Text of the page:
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By Lynn Adler
NEW YORK, Nov 1 (Reuters) - U.S. homeowners took cash out of their homes in the third quarter at the highest rate in 16 years, spurred by high costs on other types of loans, according to home finance company Freddie Mac FRE.N.
In the quarter, 89 percent of Freddie Mac-owned loans that refinanced got mortgages that were at least 5 percent larger than the original balances. That compared with 88 percent in the prior quarter and was the highest level since the second quarter of 1990, when it was at 91 percent.
The total amount refinanced, however, fell in the third quarter.
“High demand for cash extraction through refinance is being driven by the high cost of home improvement loans and home-equity lines of credit — that is, the cost of alternative financing — and still-strong demand for home improvements,” Amy Crews Cutts, Freddie Mac deputy chief economist, said in a release.
Also, a huge wave of adjustable-rate mortgages (ARMs) created in the past few years are facing their first reset, giving borrowers an incentive to refinance and take added cash, Freddie Mac said.
Refinancing remains high because of the ARM adjustments, though it slipped to 41 percent of total mortgage applications in the third quarter from 42 percent the prior quarter and is well below its record.
Homeowners tapped into their home equity for $82.8 billion in cash in the third quarter, compared with a revised $90.6 billion in the prior quarter. The amount could slide below $65 billion in the fourth quarter, according to Freddie Mac.
Homeowners taking less advantage of home equity wealth could have a significant ripple effect on the economy, if consumers borrower and spend less, analysts have said.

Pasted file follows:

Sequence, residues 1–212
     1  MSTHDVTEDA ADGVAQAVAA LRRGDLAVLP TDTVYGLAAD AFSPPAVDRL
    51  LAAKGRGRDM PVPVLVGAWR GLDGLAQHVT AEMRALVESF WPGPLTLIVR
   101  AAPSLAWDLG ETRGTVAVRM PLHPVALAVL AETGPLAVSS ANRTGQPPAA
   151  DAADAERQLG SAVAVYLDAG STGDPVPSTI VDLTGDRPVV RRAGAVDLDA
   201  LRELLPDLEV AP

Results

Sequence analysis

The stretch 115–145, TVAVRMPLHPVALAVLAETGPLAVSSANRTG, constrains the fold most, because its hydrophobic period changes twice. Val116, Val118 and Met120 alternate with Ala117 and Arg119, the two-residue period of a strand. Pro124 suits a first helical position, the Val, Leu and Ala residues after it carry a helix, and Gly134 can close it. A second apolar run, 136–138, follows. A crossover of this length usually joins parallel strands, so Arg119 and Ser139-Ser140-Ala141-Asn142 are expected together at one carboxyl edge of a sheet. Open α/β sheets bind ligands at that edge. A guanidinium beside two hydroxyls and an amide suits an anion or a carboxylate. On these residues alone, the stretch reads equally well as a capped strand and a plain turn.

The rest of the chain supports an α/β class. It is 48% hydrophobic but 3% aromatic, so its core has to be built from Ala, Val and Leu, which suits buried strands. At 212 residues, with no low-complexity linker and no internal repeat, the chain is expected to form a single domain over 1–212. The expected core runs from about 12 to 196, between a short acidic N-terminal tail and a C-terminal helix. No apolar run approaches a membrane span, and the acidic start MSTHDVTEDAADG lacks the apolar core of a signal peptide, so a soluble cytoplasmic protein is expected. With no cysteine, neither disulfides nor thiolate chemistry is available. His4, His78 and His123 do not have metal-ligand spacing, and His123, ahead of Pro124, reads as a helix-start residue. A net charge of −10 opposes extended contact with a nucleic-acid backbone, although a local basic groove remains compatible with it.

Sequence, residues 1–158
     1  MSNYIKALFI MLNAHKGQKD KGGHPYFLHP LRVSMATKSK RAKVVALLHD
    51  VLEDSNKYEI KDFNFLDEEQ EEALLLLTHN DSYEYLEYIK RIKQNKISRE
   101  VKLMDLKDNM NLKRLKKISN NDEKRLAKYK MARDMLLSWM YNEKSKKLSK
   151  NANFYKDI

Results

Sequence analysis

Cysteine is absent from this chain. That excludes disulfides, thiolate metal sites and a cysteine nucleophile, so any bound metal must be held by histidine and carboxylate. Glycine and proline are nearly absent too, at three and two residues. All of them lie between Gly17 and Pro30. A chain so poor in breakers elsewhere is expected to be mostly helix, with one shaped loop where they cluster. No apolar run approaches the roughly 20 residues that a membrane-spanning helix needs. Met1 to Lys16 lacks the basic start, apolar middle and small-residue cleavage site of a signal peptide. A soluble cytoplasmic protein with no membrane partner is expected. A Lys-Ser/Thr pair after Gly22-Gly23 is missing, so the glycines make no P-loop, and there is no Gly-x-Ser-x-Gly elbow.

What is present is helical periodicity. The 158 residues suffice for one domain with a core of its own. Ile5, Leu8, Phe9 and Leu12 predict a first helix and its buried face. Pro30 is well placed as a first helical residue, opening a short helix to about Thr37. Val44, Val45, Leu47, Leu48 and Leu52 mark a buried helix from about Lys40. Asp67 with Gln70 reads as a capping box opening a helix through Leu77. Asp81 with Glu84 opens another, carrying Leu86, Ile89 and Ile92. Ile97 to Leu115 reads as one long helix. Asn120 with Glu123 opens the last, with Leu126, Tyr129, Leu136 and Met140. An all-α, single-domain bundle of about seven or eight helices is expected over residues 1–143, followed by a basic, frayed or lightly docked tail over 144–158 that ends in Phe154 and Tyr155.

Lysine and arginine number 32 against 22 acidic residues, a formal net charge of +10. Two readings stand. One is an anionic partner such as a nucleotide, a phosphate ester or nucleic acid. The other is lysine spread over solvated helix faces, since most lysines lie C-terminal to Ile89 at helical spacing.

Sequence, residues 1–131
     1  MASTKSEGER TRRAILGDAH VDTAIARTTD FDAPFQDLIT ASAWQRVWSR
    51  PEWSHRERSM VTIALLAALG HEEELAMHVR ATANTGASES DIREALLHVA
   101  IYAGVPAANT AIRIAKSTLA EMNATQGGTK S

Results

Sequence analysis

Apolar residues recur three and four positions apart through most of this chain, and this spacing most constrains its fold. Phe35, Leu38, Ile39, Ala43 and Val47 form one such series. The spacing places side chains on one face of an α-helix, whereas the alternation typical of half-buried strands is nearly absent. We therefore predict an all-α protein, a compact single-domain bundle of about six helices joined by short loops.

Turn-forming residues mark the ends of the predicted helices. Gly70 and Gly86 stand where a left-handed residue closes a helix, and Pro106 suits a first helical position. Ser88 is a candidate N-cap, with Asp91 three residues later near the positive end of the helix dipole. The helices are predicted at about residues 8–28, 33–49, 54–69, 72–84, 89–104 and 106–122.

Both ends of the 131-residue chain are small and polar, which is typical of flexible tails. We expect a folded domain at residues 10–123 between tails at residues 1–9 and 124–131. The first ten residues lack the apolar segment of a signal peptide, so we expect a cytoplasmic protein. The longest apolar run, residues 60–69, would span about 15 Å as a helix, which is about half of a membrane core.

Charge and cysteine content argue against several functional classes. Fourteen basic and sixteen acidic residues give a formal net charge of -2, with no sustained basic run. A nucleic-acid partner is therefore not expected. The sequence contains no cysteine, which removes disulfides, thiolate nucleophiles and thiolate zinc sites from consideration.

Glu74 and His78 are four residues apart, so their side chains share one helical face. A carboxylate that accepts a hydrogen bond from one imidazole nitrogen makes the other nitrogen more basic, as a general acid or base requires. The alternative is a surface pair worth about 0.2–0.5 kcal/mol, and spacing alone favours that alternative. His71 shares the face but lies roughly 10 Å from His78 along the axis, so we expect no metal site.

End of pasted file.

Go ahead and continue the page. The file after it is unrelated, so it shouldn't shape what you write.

Refinancings hit a record pace in March 2003, accounting for 79 percent of total mortgage applications, Freddie Mac said.
Short-term rates have surged since many of these ARM loans were created, as the Federal Reserve raised official interest rates by a total of 4.25 percentage points over two years starting in June 2004.
Fixed-rate 30-year mortgages now average about 6.4 percent. Freddie Mac predicts the rate will hover between the current level and 6.6 percent through the end of 2007.
Initial rates on one-year Treasury-indexed ARMS are seen between 5.4 percent and 5.5 percent in that period.
In contrast, home equity loans and lines of credit are tied to a prime rate now pegged above 8 percent.
“If borrowers are already refinancing to avoid an interest-rate increase on their adjustable-rate mortgage, they may opt to extract a little cash while they are at it,” Crews Cutts said.
The Mortgage Bankers Association last week estimated that $1.1 trillion to $1.5 trillion of ARMs will be eligible for reset next year.
“Additionally, borrowers who might have considered a prime-rate home-equity loan for a home improvement or other need are turning to cash-out refinance options now that the prime rate is above 8 percent,” Freddie Mac’s chief economist, Frank Nothaft, said in the release.
Half of the borrowers who paid off their original loan and took out a larger new one increased their mortgage rate by about 3/8 percentage point, Freddie Mac said.
The median ratio of new-to-old interest rates was the highest since Freddie began compiling the information in 1985. It may start to trend down, though.
Banks are starting to offer more creative financing for home-equity lines, many with a fixed-rate line of credit option that is at or below the prime rate, Crews Cutts said.
Freddie Mac’s report on homes refinanced also showed a 33 percent median price gain from the time the loans were made, down from 34 percent in the prior quarter.